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Earlier this year I attended my very first pen show. I learned a lot, but mostly I learned that I needed to spend a lot more time figuring out what I wanted from a writing implement before I could really invest myself into the world of fancy fountain pens. Since then, I’ve grown my collection of fountain pens by trying out some low-end, low risk models. I thought I’d share my full collection, and my thoughts on each.
Penatia Fountain Pen, by Cross
This is the pen that started it all. Before I received this as a gift, I was very into inkier pens of the rollerball variety, and I’ll admit that I was a bit intimidated by this gorgeous pen. I was afraid I would do something wrong, destroy the nib, explode ink everywhere – I’m not quite sure what. Once I started using this pen, though, I was instantly converted. It writes so smoothly and is so easy to refill. I even dropped it, nib down, once, and it was perfectly fine. This is easily my favorite pen. Caked with ink and scratched all over, it is my most used pen. I typically keep it stocked with a bright color for grading and editing.
Sheaffer Snorkle Pen
This pen I inherited, and learned about both from a pen-seller at the Pen Show, and from some information given to me by my brother-in-law, who is quite the pen aficionado. I’ve cleaned it as thoroughly as possible, but I still haven’t managed to fill it.
I followed these instructions to the letter, but there’s either something off about the pen itself, or my technique. I hope it’s the latter, but even if the pen has snorkeled it’s last, it’s one of my favorites.
Parker Fountain Pen
This is a lower-end Parker. My dream is the top-of-the-line Parker Sonnet, but rather than leap wildly to the high-end version, I thought I’d start with something a little more affordable to see how I felt. I love this pen – the writing is smooth, and the fine point nib makes it a great note-taking pen. I use it for my regular writing. The only issue is that with the cap stuck on the back end, the balance feels a little off, and my hand cramps a bit after a long writing session. That’s easily solved by taking the cap off for writing, though.
These are great pens for traveling. They’re cost effective, and surprisingly high quality. I purchased a set of four, but I’ve only been using one regularly. The nib is a little off-kilter, but it still works great. I learned from these pens that I really don’t need anything terribly fancy to feel like I’m working with something fancy.
Highly Stylized JinHao Pen
This is a beauty. It feels great in your hand, and for such a pretty pen, it’s very cost effective. It’s great for travel, and is weighty but nicely balanced. This really makes me feel grand and important when I pick it up, which is a great feeling when writing poetry especially. This exact pen doesn’t seem to be available on Amazon anymore, but this would be a nice substitute.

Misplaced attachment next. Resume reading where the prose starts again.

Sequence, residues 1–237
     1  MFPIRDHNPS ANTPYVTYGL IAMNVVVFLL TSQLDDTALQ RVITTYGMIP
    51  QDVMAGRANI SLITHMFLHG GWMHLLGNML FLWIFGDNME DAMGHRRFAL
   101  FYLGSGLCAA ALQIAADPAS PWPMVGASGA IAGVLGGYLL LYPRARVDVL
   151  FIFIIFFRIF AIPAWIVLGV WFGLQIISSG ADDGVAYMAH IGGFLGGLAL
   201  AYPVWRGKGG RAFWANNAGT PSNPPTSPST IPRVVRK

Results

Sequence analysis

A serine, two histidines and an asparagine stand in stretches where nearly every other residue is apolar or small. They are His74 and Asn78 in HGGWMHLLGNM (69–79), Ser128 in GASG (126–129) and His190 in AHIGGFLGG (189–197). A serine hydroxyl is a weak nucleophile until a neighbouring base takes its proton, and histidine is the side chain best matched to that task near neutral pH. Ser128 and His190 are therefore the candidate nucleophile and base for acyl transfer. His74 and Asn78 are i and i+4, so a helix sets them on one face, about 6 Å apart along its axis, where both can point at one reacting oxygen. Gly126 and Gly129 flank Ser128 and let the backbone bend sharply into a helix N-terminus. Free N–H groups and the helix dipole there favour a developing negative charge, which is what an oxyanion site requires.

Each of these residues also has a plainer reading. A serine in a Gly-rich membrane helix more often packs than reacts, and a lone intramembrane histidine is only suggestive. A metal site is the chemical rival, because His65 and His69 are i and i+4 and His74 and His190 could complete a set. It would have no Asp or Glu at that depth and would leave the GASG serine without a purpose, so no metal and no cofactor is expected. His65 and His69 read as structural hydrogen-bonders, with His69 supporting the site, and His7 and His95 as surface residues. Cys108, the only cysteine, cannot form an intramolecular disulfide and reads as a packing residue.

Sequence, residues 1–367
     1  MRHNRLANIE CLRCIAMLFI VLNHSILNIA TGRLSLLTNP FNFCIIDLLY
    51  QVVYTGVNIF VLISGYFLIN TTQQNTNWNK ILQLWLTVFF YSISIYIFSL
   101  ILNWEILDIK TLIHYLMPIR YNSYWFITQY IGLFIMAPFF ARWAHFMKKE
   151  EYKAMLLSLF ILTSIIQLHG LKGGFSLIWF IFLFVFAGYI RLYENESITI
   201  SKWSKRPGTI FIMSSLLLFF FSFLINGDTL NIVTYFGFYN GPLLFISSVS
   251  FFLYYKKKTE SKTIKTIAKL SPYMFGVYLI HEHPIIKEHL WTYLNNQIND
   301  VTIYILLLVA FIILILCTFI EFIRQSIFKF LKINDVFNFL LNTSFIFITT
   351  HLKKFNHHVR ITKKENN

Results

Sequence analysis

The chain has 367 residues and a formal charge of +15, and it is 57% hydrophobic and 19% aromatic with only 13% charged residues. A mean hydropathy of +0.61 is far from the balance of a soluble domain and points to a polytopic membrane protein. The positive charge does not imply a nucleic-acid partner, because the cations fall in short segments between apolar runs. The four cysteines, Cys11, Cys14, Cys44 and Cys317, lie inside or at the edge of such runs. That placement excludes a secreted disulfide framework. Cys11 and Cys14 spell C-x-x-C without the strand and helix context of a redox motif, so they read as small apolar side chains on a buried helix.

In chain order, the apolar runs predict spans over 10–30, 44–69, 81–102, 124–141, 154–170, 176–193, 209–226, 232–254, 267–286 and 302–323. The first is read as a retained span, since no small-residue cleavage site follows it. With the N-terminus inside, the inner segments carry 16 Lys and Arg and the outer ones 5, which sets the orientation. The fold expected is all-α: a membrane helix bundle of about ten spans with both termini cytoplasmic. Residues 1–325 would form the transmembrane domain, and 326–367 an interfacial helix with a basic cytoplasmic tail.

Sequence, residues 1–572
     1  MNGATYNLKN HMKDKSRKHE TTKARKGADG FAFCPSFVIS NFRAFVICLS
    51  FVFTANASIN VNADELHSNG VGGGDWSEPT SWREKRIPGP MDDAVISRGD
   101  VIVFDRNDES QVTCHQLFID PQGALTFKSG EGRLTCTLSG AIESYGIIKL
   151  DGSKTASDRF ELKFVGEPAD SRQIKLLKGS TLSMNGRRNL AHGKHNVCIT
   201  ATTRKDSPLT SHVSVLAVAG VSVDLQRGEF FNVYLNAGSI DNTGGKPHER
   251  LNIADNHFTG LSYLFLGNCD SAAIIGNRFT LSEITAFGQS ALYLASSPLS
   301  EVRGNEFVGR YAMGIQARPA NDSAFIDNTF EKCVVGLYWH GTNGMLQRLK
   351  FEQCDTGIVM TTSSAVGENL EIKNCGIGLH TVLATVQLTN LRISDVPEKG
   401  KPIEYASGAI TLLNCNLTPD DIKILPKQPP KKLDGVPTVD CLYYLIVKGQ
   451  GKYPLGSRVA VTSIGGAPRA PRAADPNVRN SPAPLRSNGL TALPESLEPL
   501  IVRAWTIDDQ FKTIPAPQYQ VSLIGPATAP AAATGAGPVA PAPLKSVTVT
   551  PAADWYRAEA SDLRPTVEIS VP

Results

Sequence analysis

Harry Potter Quill
I got this pen on my trip to the Harry Potter Theme Park at Universal Studios last year. It’s so cute, but I am absolutely dreadful at writing with it, even though it has a nice metal nib.
I think there’s a trick I haven’t mastered. I love the little stand that came with it, though, so it can sit out on my desk to remind me to practice with it every now and then.
I mostly use a red/maroon Diamine ink for grading, editing, and taking notes in the margins of articles, and a black Parker Quink for regular writing.
Occasionally I like to branch out with a bright red, a bright blue, or a brown. And I always keep a few extra black cartridges on hand in my bag for my travel Jinhaos.
For Christmas this year, I received a lovely chocolate brown Royce leather case (similar to this one), just big enough to hold two fountain pens. It keeps the pens from getting scratched up, and makes it much easier to find them when I need a pen.
Actual Feather Quill
Last year, I visited the old schoolhouse at the Hagley Museum and Library, where I also toured the property and visited their 19th century machine shop. Set up in front of each chair of the desks were feather quills, ink pads, and handwriting worksheets. I didn’t get to add one of these quills to my collection, but I thought it would be fun to share my thoughts here.
If I thought using a metal-nibbed quill was difficult, I would have to classify writing with an actual feather quill as impossible, or at least highly dependent upon the quill itself. Because they were hand made from actual feathers, the tips were all vastly different – some were sharp and well suited to writing, and some were wide and flat, dripping ink everywhere. You would have to become quite adept at quill maintenance if this was your primary writing tool. And I thought having to rinse out my nibs every so often was a chore!
This collection should probably keep me for quite a long while, at least until I’m ready to splurge on the Ryan Krusak pen of my dreams. If anyone out there has a favorite pen to suggest, I’d love to hear about it in the comments.